In early Roman times, wealth was measured by how much livestock a person owned. Bartering and trade began with bronze bars used to represent the property. These bronze bars often had an illustration of cattle on them. The Latin word for money (“pecunia”) derived from the Latin word for cattle (“pecu”). The English words “pecuniary” (relating to money) and “impecunious” (poor) derive from the Latin word and retain a reference to the archaic practice of cattle representing wealth.
Bonus word: money
The English words “money” (and “monetary” and “mint”) derive from Juno Moneta. “Moneta” was an epithet of Juno, and her temple with this name was the first place where the Romans minted their coins and where they stored coins. It is possible that the word “moneta” derived from the Latin verb “moneo” (to warn/advise) or the Greek word “moneres” (one/unique). While the ultimate origin is unclear, the Romans believed that Juno watched over the funds in her temple.
Q & A with Coin Collector Doug Smith
We had a chance to correspond with Doug Smith, a numismatist who lives in Virginia. He also maintains a website, http://www.forumancientcoins.com/dougsmith/, which is an excellent resource for anyone interested in learning more about ancient coins.
Q: How did you become interested in collecting coins?
A: My parents divorced when I was eight. My mother was a Registered Nurse at the local hospital and worked long hours including Christmas day etc. so I spent a lot of time alone. She ‘loaned’ me $50 (a lot of money in the mid 1950’s!) and I bought 5000 pennies at a local vending machine company (there really were things you could buy for one cent back then). I sorted through the 5000 and usually found a few that were needed for my collection but rolled the rest and took them to the bank to get the $50 back. A local coin shop would buy duplicate key dates I did not need so I got enough ‘profit’ to replace the half dozen I might have kept for myself out of the 5000. Rarely I did the same things with other denominations but cents were more fun for the money. I could never see any wisdom paying a coin dealer more than one cent for a one cent coin but I was most certainly willing to let him pay me 5 cents or 50 cents for special finds. One day, I noticed he had a dish of ancient coins on his counter marked, “Your Pick – Fifty Cents!” My mind allowed buying a Roman coin with no denomination in our current system for 50 cents or even some for $5. That started my hobby of collecting ancient coins. When my daughter was born in 1974, I thought we needed the money so I sold all but three coins from the early period for $500. I still have those three.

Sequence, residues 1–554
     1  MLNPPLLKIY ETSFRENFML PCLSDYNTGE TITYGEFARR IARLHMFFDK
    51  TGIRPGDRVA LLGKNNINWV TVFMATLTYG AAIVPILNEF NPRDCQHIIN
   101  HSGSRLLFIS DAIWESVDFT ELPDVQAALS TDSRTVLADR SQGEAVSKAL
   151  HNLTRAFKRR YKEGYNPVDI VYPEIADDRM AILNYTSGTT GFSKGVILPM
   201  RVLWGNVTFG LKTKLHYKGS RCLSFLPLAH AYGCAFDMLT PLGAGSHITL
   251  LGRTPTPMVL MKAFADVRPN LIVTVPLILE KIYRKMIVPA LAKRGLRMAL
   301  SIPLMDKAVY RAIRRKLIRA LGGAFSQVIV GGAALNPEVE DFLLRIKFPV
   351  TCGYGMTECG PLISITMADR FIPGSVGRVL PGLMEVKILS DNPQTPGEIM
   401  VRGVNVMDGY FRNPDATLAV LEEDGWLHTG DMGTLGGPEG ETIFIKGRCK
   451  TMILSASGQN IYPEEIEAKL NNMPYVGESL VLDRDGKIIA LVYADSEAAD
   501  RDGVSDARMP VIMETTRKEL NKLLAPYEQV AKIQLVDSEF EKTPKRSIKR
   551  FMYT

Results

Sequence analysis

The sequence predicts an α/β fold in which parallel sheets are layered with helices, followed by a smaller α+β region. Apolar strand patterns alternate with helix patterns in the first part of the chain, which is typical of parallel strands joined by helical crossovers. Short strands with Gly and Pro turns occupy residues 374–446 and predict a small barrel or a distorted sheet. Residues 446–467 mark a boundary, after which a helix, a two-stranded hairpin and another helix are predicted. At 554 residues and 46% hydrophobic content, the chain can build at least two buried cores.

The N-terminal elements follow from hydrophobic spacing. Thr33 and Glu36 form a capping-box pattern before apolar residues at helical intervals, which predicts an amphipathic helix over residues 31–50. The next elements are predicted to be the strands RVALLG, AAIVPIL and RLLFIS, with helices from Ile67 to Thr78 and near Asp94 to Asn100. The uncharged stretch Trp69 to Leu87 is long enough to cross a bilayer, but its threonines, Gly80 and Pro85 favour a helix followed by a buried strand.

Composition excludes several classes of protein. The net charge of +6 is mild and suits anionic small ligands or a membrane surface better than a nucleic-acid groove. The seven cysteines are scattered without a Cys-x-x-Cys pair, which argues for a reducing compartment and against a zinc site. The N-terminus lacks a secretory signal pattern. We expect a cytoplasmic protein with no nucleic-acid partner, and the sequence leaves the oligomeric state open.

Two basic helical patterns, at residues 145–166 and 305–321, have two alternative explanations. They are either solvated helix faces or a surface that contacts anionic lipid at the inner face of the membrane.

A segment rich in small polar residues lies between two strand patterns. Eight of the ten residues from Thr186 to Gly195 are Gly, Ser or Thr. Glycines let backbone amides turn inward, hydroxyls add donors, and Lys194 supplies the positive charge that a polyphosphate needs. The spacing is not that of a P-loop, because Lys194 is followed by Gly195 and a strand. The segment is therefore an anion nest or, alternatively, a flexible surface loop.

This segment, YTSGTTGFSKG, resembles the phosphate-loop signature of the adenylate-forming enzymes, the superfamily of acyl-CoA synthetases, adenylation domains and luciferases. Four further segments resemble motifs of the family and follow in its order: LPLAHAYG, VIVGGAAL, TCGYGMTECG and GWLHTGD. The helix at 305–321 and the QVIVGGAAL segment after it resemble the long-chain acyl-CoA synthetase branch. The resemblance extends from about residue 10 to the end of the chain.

Q: What do you enjoy most about collecting ancient coins?
A: Ancient coins reflect the culture that produced them. Greek city-states identified themselves with gods and animals special to their region. Roman emperors used reverses that seemed appropriate for that particular time in history. If the emperor was sick, they might issue coins showing Salus or Aesculapius. If he defeated the Parthians, he might add Parthicus to his titles and show a soldier spearing an enemy wearing a Parthian style hat. My favorite college professor told us, “It is more fun to know than not to know.” The coins have helped me have fun.
Q: What advice would you give a student who wants to learn more about coins or begin a collection?
A: The Internet has changed the world. We used to say, “Buy the book before the coin.” Now, I have nothing against buying books but I must say there is enough free information online today that anyone with computer access need not buy hundreds of dollars worth of books to learn a lot about ancient coins. My website (http://www.forumancientcoins.com/dougsmith/) was one of the best in 2003 when I retired and stopped updating it regularly. Now there are many other (and some much better) sites available. Google is your friend. I suggest learning about a coin before you even think of buying it. If you see the differences between the good and the bad before you start spending money, you are more likely to enjoy what you collected when you are my age. We say, “Know the coin or know the seller.” That means don’t send money to strangers on eBay selling fakes and overpriced coins until you can tell the difference. There will be a coin show in Fredericksburg in late September and in Richmond in October. Both will have dealers in ancient coins that would be good to meet when starting a collection. Face to face contact beats email!